Other papers say: NSA metadata program could have prevented 9/11

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Excerpted from Marc Thiessen's online column at washingtonpost.com:

On May 26, 2011, the House passed the 2011 Patriot Sunset Extension Act, which reauthorized Section 215 of the USA Patriot Act, the provision that underlies the National Security Agency's telephone metadata program. The House approved the bill by a 97-vote margin, with 196 Republicans voting in favor.

Last week, the House narrowly voted down an amendment by Rep. Justin Amash, R-Mich., that would have killed this vital intelligence program. This time, 94 House Republicans voted against the NSA program -- including 50 who had voted to authorize the exact same program two years before.

What changed?

It is not as if they did not know what they were voting for. Every member of Congress was offered a briefing in 2011 -- in person and on paper -- on the classified details of the telephone metadata program.

The NSA sought the telephone metadata program to close a gap in U.S. intelligence capabilities that made the Sept. 11 attacks possible. In the summer of 2001, the NSA intercepted calls from two of the Sept. 11 hijackers -- Nawaf al-Hazmi and Khalid al-Mihdhar -- to an al-Qaida safe house in the Middle East. But because the NSA did not have access to metadata on U.S. telephone calls, intelligence officials had no way of knowing that the calls had originated in San Diego. As former NSA director Mike Hayden recently noted, "If the metadata program had been in effect in the summer of 2001, al-Hazmi and al-Mihdhar would likely have been rolled up, the plane that hit the Pentagon would not have had these jihadists available for the hijacking and the entire 9/11 enterprise might have been scrapped by al-Qaida."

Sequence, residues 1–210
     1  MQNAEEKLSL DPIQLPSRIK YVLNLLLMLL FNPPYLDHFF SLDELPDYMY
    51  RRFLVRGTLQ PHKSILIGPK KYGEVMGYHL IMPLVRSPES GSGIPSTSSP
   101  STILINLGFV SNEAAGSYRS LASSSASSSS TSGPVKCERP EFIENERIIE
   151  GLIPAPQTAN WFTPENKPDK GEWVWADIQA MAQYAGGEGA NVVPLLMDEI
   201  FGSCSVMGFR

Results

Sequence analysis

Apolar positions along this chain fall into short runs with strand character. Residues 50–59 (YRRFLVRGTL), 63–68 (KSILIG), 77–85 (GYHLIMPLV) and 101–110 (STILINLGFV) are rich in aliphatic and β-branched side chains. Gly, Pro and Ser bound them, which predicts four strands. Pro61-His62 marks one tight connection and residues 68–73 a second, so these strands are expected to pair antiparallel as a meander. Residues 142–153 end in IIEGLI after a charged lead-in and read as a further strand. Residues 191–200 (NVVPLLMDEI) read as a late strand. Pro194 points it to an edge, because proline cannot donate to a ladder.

Had the Amash amendment succeeded, it would have put the NSA right back where it was Sept. 10, 2001.

Amazingly, 40 percent of House Republicans voted to do just that.

It's understandable that Americans without access to classified briefings are confused about what the NSA is and is not doing, but members of Congress have no such excuses. They know that NSA leaker Edward Snowden's claim that he "had the authorities to wiretap anyone" is patently false. They know that unless someone in the United States is calling a terrorist, the NSA is not looking at that person's telephone business records, much less the content of his or her communications. They know the program is operated under the supervision of federal judges who have approved the NSA's acquisition of such data every 90 days since 2006.

They know all this -- yet they voted to kill the program anyway.

After Sept. 11, the House and Senate intelligence committees concluded that one of the main culprits was the "NSA's cautious approach to any collection of intelligence relating to activity in the United States." Now, after a dozen years without an attack on the homeland, they are being accused of the opposite offense.